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What's Your ROI on Pay


According to the 2014-15 World at Work Salary Budget Survey, as in 2014, projected salary increases for 2015, for all industries, will be 3.0%. The study also reports that in 2014 between 96% and 100% of employees received an increase. The reported frequency between increases is 12.0 months. Survey participants reported that “High Performers” received a 4.0% increase.

From these statistics, we can conclude the following:

  • Organizations grant pay increases to nearly 100% of their employees annually.
  • The median increase is 3.0%.
  • High performers may receive a 4.0% increase, 33% more than the median performer.
Does this represent a highly motivational compensation philosophy that will inspire employees to invest extraordinary effort? Probably not. So how can we make pay a value-added reward system instead of an administrative burden?  

State Your Pay Philosophy

Companies write vision statements and talk about their guiding principles to increase employee commitment, but few talk about their pay philosophy and what it represents. A reward system needs to accomplish four objectives:
  • Provide a way to recognize and reward accomplishments that meet and exceed performance expectations.
  • Reinforce the culture of the organization.
  • Be cost effective, representing a good financial investment.
  • Support operational priorities.
Having and communicating a compensation philosophy increases confidence in the reward system and management. 

Expectations

Employees at all levels are often unclear about performance expectations. They may be characterized as “good” employees because they come to work every day, on time, and with a good “attitude." That’s helpful, but does it actual actually result in outputs that are needed to move the organization forward? Everyone, even the very best employees, can improve. The first step in performance enhancement is being crystal clear about expectations and standards of performance.

Many employees have only a vague understanding of what the boss expects and needs to meet performance expectations and make the department successful. This makes the odds of fully meeting expectations rather low. To increase the probability of achieving outstanding performance an employee needs to:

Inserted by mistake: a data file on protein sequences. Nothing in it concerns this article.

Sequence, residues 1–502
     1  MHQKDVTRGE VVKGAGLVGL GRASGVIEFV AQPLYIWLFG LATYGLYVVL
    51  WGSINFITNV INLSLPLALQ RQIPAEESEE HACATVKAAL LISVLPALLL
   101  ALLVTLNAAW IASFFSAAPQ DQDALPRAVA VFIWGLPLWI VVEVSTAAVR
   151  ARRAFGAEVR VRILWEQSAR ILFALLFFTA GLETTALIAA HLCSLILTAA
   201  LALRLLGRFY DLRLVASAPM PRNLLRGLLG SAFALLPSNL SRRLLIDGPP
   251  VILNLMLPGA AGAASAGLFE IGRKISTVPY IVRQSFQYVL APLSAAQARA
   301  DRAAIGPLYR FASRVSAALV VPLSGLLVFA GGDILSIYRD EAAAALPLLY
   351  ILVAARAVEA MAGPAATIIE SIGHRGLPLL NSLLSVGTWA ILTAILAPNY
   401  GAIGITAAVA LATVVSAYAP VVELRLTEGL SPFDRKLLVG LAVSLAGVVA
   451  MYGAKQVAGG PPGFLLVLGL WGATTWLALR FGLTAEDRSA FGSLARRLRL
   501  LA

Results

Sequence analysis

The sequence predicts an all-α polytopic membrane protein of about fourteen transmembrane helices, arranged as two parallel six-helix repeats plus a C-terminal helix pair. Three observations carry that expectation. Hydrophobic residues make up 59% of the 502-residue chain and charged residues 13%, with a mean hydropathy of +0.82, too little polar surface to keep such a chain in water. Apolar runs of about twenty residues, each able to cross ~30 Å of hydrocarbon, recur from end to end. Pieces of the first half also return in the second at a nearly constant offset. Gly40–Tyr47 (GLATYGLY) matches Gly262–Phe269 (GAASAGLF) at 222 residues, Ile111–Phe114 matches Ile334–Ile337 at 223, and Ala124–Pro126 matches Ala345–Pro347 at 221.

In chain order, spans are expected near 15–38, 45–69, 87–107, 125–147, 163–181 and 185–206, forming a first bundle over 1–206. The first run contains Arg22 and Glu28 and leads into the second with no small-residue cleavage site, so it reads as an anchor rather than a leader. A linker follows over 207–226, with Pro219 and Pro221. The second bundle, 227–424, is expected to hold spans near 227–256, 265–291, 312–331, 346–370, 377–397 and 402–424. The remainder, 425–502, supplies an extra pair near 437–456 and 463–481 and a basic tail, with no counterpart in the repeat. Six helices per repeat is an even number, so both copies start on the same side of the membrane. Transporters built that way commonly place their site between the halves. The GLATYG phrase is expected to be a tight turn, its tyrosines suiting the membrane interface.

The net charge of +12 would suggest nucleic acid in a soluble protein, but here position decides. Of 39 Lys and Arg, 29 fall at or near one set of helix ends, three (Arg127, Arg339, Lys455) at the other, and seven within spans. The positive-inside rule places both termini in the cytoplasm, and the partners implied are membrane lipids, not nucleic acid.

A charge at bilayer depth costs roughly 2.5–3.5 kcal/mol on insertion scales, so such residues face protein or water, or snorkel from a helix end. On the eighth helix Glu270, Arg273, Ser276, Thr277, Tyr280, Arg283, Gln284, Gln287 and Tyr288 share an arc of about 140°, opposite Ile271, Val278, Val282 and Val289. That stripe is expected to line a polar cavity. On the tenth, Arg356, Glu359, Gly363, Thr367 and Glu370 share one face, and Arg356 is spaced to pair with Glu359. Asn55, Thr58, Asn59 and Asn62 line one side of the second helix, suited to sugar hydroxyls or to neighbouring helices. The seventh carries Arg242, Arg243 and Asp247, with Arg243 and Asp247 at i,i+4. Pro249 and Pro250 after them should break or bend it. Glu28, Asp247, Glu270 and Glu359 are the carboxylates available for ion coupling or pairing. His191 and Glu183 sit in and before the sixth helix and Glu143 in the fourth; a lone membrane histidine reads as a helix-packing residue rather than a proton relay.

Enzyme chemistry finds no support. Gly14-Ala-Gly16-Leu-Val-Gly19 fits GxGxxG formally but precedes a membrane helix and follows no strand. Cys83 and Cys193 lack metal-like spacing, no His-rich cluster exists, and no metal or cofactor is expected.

• Understand what the department (or company) is trying to accomplish,
  • Know how departmental performance is being measured,
  • Understand what the employee is being held accountable for, in quantifiable terms if possible,
  • Be trained and coached to improve likelihood of success,
  • Know where to turn for help if he/she has a question, and
  • Know who to talk with if he/she has an idea about improving operations.
When performance is deemed to be exceptional, take advantage of flexibility within the reward system. Grant an increase sooner than 12-months. Grant an increase that is greater than the standard 3.0%. Make the high-performance increase 200 - 300% of the norm, not just 30% more.

Culture
The reward system can define the organizational culture. As an example, BVF Company was an industrial products company selling packaging materials to a variety of manufacturers.  The sales people at BVF were paid on straight commission. They were free to prospect and develop their territories and build their customer base. They received a commission on all sales. Once sold, their role was to maintain a relationship and take future orders. Product delivery and service issues were handled by the company. The median compensation for a BVF sales person was $200,000. Recognizing that few new customers were being developed, and upon doing a little research, BVF found that there were a number of large, potential customers within assigned territories that were not being developed.  

Through their reward system, BVF had created a culture where sales people owned the customers.  They received a comfortable income for maintaining accounts without extra effort. When attempts were made to change the compensation scheme or split the territories, sales people threatened to leave and taking their customers with them.

In BVF’s case the reward system created a culture of “lone rangers” with little commitment to long-term company success. When crafting a reward system, it’s important to consider the broader message that it conveys.

Investing in Pay

Employee compensation should be viewed as an investment rather an expense. A success-sharing compensation philosophy can be a sound investment. Success-sharing plans are funded out of incremental earnings. If there are no gains, there is no payout. By communicating the basis for the calculation, the company is demonstrates transparency, which helps build employee engagement, commitment, and trust. If paid in a lump sum, rather than a salary, it becomes a variable cost rather than a fixed cost.

Focus on Organizational Priorities

Why should the management team be the only ones who are concerned about operational efficiency? Every employee has a stake in making an organization as effective as possible.  Companies should communicate short and long-term goals and what actions are being taken to achieve objectives.  

Many organizations embark on process improvement initiatives for the purpose of winning the Baldrige or similar awards. Being an award winner is nice, but shouldn’t be the goal. The key value is the focus that such initiatives bring to communicating organizational priorities creating positive change. Then, reinforce the gains through the reward system.

Making Pay – Matter

The bottom line - consider the Reward System as one of a company’s high-impact management processes - not just for sales or management – but for everyone.
Posted: 7/29/2015 7:30:00 AM | with 0 comments
Filed under: Big, Business, Centre, Council, Group, Ideas, Joel, Myers, Pay, ROI, SBC, Small, The




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